Plain China

April 2018

Seventy

Danny Duffy · University of Florida

When she turned seventy, my grandmother stopped pretending to quit smoking.

Mokita

Polina Solovyeva · New York University

It is the worst at nights when everything is still and silent and when everything that is left is the whisper. In the darkness Harold cannot see my face; I feel the warmth of his body lying next to mine, and I am waiting for his whisper. It goes: Alma, Alma, Alma, Alma, Alma.

The Space We Have Left

Anna Girgenti · Loras College

Everyone I want to love is knuckle-distance away on a map the size of my hand. We are fingertips on opposite sides of glass, telephonic voices in adjacent time zones— it’s all too far for me.

Choices

Josie Sloyan · Grinnell College

When they met they fell in love and decided to get married and all of a sudden they were in California. The successive events were short and definitive as knife wounds. His father was dying and needed someone to stay with him in his home outside Fresno. He flew out first. His father died. She followed in a car out of whose windows stuck lamps and drying racks and antique chairs snitched from her ma’s house.

Tuesday

Katherine Tison · University of Florida

Paint rollers on sale today, thankfully.

Krousher

Russel Jaffe · Oberlin College

I once read that an eye could be removed from its socket, the optic nerve still attached and functioning. Can you imagine such a careful operation?

Hairy Girl

Emma Ditzel · Loyola University

You must have stared at your reflection for an hour before the choice was made. Your eyes followed up the slope of your nose to your eyebrows and the jet black hairs subtly connecting them. It was an easy decision if you didn't think about it, but that was never really your style. So there you sat, contemplative and turning a pink, plastic, disposable razor back and forth in your hand.

Chocolate

Jennelle Barosin · Loyola University

I’m a firm believer that it shouldn’t be cold without snow. There is no reason for the air outside to freeze in my lungs as I open the window and clamber out onto the fire escape in the blue-grey of the predawn morning. The metal railings burn my palms as I make my way to the roof, four floors up. When I reach the top, pulling myself over the last rungs of the ladder, gasping, I see her. She’s wrapped in a down comforter holding a mug of hot chocolate. The steam curls up, ephemeral. I can’t feel the cold at all anymore, not when her face unfolds like a flower blooming in high speed when she sees me, red-faced and out of breath.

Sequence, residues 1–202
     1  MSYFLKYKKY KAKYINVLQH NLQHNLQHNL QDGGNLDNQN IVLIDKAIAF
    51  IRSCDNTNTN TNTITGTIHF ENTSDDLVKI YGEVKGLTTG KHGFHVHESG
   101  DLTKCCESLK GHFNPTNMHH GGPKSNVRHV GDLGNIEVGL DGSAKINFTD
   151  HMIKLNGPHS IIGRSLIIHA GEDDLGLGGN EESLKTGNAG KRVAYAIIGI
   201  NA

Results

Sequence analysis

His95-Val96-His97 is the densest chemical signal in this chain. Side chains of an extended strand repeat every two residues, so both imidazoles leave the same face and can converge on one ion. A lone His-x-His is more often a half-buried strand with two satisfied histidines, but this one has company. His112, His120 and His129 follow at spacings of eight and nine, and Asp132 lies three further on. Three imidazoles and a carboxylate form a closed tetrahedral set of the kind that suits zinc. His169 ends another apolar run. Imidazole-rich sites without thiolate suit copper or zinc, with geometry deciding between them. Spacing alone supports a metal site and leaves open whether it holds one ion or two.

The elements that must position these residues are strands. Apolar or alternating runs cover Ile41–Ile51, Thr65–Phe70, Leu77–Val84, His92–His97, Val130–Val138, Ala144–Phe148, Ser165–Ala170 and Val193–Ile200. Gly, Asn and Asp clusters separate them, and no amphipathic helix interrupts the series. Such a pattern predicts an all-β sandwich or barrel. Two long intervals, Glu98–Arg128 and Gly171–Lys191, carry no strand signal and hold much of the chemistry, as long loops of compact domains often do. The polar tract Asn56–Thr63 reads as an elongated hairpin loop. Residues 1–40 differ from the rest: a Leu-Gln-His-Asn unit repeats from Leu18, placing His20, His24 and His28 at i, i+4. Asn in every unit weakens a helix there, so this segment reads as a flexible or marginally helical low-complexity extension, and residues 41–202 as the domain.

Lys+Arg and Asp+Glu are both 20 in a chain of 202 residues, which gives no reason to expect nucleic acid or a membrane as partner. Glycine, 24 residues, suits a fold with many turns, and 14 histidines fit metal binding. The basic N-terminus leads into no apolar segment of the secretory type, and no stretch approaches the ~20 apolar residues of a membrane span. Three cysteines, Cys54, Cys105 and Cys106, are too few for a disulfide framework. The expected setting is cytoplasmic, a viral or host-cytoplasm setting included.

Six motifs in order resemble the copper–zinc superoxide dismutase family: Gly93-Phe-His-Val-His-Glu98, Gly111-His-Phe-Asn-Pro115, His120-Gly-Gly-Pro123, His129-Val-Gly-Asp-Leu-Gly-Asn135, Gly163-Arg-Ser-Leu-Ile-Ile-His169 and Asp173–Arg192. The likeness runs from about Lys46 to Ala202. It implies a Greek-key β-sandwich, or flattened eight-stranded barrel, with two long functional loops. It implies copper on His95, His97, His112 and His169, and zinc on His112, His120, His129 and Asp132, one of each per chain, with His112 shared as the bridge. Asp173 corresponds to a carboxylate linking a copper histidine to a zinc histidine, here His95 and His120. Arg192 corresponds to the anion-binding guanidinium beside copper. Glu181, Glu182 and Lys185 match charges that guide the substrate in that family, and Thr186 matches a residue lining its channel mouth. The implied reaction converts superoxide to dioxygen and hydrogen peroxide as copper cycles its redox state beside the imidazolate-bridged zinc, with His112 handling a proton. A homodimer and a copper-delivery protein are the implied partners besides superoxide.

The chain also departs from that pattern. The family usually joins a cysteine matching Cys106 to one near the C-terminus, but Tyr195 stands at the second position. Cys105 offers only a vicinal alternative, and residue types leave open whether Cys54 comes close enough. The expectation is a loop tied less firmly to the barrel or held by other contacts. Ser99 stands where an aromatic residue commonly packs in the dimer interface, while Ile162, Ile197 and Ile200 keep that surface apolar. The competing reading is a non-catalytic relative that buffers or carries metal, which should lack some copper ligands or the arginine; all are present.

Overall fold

Seventy

Danny Duffy · University of Florida

When she turned seventy, my grandmother stopped pretending to quit smoking.

Mokita

Polina Solovyeva · New York University

It is the worst at nights when everything is still and silent and when everything that is left is the whisper. In the darkness Harold cannot see my face; I feel the warmth of his body lying next to mine, and I am waiting for his whisper. It goes: Alma, Alma, Alma, Alma, Alma.

The Space We Have Left

Anna Girgenti · Loras College

Everyone I want to love is knuckle-distance away on a map the size of my hand. We are fingertips on opposite sides of glass, telephonic voices in adjacent time zones— it’s all too far for me.

Choices

Josie Sloyan · Grinnell College

When they met they fell in love and decided to get married and all of a sudden they were in California. The successive events were short and definitive as knife wounds. His father was dying and needed someone to stay with him in his home outside Fresno. He flew out first. His father died. She followed in a car out of whose windows stuck lamps and drying racks and antique chairs snitched from her ma’s house.

Tuesday

Katherine Tison · University of Florida

Paint rollers on sale today, thankfully.

Krousher

Russel Jaffe · Oberlin College

I once read that an eye could be removed from its socket, the optic nerve still attached and functioning. Can you imagine such a careful operation?

Hairy Girl

Emma Ditzel · Loyola University

You must have stared at your reflection for an hour before the choice was made. Your eyes followed up the slope of your nose to your eyebrows and the jet black hairs subtly connecting them. It was an easy decision if you didn't think about it, but that was never really your style. So there you sat, contemplative and turning a pink, plastic, disposable razor back and forth in your hand.

Chocolate

Jennelle Barosin · Loyola University

I’m a firm believer that it shouldn’t be cold without snow. There is no reason for the air outside to freeze in my lungs as I open the window and clamber out onto the fire escape in the blue-grey of the predawn morning. The metal railings burn my palms as I make my way to the roof, four floors up. When I reach the top, pulling myself over the last rungs of the ladder, gasping, I see her. She’s wrapped in a down comforter holding a mug of hot chocolate. The steam curls up, ephemeral. I can’t feel the cold at all anymore, not when her face unfolds like a flower blooming in high speed when she sees me, red-faced and out of breath.